“The Internet of Things”, often shortened to the “IoT”, is a phrase that is becoming more and more common. But just what is the Internet of Things? Who coined the IoT, and just what are these “things”? We explain.
The term “the Internet of things” refers to how the Internet is evolving with the proliferation of Internet-based home automation, Internet-connected appliances and devices, and any number of other things that can connect to the Internet.
In other words, just as it sounds – the Internet of things is just that – an Internet to which many different devices and appliances (‘things’) are connected, becoming part of the network.
However, at least according to Wikipedia, tech entrepreneur Reza Raji pondered, a full year before Ashton coined the phrase, “What if the Internet was allowed to go beyond connecting desktops and laptops and could somehow be tied to the devices around us?” So the concept, if not the catchy term, predates Ashton.
Bear in mind that in days past, not much beyond computers were on the Internet.
Remember the good old days when an “Internet coffee pot” meant a coffee pot with a webcam pointed at it so you could know if the pot was empty?
Now everything from coffee makers to copying machines to cars are jacked in to the ‘net.
Ten years ago, in an article about Salton’s Beyond line of Internet-connected home appliances, Chicago Tribune journlist Don Hunt explained that the Internet-connected appliances, which included a bread machine and a coffee maker, connected to central hubs “which then connect everything back to the Internet. This gives each appliance access to a wide range of relevant information — from today’s weather to the cooking time for frozen veal chops.”
Salton’s Beyond appliances never gained traction, but a whole host of Internet-enabled devices have, and more are coming online every day.
It truly is becoming an Internet of things, rather than just an Internet of idea- and file-sharing.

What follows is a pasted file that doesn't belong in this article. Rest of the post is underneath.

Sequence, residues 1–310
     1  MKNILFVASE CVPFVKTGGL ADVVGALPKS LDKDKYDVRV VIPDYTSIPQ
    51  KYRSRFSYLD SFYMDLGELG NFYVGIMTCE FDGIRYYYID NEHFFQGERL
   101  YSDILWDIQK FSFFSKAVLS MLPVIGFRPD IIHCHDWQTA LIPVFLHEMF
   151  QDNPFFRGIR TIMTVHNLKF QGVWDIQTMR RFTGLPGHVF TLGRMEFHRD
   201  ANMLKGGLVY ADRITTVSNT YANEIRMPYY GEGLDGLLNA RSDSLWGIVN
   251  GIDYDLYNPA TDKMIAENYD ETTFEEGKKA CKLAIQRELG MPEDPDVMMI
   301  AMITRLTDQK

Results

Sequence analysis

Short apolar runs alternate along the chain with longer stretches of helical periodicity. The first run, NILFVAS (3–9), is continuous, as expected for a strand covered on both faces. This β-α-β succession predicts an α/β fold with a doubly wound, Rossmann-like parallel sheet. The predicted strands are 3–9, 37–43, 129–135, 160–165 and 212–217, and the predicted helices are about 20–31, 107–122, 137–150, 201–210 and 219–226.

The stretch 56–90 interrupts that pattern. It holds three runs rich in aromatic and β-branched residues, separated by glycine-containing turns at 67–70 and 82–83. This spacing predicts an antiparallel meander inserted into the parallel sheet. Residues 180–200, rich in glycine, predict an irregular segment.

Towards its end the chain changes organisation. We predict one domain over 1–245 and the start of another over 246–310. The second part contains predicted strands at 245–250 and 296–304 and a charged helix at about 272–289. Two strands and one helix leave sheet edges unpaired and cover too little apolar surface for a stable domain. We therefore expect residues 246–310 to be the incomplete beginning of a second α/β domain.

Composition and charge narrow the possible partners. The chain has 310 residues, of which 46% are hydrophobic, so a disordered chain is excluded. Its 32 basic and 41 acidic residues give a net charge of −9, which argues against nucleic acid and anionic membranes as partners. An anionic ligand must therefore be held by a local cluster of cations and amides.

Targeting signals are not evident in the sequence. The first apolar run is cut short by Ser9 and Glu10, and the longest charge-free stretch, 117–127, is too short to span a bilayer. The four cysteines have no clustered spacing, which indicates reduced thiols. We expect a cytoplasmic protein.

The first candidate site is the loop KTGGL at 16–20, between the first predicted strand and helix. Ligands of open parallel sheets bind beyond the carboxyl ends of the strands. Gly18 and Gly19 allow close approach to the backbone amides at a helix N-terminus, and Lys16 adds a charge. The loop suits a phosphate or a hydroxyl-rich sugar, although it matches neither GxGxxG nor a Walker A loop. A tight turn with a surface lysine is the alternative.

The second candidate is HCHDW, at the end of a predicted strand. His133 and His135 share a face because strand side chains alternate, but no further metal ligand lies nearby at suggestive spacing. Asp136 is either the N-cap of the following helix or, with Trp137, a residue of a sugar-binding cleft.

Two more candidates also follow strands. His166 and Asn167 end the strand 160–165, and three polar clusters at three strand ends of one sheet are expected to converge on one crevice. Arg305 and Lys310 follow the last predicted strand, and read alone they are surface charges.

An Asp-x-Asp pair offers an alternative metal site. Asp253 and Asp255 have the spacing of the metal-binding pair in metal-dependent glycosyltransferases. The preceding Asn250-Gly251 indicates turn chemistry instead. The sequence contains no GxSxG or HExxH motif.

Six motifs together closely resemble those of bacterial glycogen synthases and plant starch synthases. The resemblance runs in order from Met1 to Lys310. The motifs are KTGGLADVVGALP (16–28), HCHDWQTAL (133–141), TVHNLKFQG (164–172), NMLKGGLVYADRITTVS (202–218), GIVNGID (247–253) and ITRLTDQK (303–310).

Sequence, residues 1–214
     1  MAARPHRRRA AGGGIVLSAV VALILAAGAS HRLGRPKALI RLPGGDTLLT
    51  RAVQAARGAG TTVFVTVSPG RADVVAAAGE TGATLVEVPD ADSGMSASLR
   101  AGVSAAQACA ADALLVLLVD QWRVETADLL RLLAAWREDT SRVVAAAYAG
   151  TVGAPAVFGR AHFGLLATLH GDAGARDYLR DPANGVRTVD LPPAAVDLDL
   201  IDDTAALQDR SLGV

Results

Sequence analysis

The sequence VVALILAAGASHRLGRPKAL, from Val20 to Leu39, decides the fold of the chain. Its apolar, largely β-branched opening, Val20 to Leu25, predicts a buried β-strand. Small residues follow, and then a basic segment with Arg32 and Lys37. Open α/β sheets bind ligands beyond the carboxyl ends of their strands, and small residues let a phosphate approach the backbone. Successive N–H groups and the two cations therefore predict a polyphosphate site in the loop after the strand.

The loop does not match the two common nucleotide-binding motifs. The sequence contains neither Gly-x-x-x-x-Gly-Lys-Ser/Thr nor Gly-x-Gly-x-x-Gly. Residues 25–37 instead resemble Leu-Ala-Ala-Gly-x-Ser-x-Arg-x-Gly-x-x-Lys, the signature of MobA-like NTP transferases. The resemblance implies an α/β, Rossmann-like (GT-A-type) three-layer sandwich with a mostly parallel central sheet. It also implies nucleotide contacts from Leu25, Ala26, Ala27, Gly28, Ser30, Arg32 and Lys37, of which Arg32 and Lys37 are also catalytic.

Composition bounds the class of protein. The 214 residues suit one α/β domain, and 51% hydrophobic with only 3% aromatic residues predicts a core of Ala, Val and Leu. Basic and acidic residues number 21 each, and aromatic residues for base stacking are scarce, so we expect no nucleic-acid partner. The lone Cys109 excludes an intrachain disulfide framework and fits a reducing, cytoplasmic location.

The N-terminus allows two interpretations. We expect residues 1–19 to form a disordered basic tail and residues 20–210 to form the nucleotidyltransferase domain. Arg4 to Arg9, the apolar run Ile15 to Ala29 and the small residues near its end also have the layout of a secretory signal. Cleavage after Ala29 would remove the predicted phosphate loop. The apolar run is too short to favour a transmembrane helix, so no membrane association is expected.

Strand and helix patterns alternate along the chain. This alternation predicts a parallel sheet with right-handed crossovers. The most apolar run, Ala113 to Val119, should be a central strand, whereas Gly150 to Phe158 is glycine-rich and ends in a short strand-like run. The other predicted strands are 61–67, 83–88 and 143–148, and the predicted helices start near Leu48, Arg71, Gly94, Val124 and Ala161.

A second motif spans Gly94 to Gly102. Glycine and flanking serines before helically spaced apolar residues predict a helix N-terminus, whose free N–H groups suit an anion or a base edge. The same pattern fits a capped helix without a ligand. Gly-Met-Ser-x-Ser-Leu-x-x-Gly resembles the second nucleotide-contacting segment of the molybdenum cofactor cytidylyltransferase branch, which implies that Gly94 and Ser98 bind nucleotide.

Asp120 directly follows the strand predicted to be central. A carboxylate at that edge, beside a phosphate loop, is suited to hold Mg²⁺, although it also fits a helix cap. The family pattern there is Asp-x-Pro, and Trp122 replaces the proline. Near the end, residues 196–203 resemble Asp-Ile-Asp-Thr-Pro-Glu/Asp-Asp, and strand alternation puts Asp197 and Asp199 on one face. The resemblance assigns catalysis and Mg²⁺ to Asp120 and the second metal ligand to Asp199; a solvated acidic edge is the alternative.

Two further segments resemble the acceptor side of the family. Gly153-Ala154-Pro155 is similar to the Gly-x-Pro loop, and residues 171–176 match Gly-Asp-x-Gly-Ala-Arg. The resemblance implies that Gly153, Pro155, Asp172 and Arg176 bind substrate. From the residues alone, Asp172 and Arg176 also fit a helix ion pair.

And while an Internet of things may seem cool at first blush, security experts are concerned – very concerned.
The potential for these Internet “things” to become an Internet nightmare is real. Oh, maybe not in a Skynet sense (although…). But, as ArsTechnica says in a recent article, “These devices will inevitably be abandoned by their manufacturers, and the result will be lots of “smart” functionality — fridges that know what we buy and when, TVs that know what shows we watch — all connected to the Internet 24/7, all completely insecure.”
Cybersecurity expert Jerry Irvine is even more direct about the concerns, saying that when it comes to security, the Internet of Things is “scary as hell.”
Explains Irvine in an interview with Computerworld, “It’s just the fact that all of these things are on the Internet and unsecured. They have no antivirus available for them. They have no other means of securing them. They are the weakest link in your network. Hackers can get into them, they can target them with malicious applications to infect your PCs, and now get your financial information and your identity.”
So, while the Internet of Things seems like a cool concept, just be sure that if they are your things, that you are able to secure them, that you know how to secure them, and that you do secure them. Every ‘thing’ in your life that is connected to the Internet can be a port of entry for hackers.
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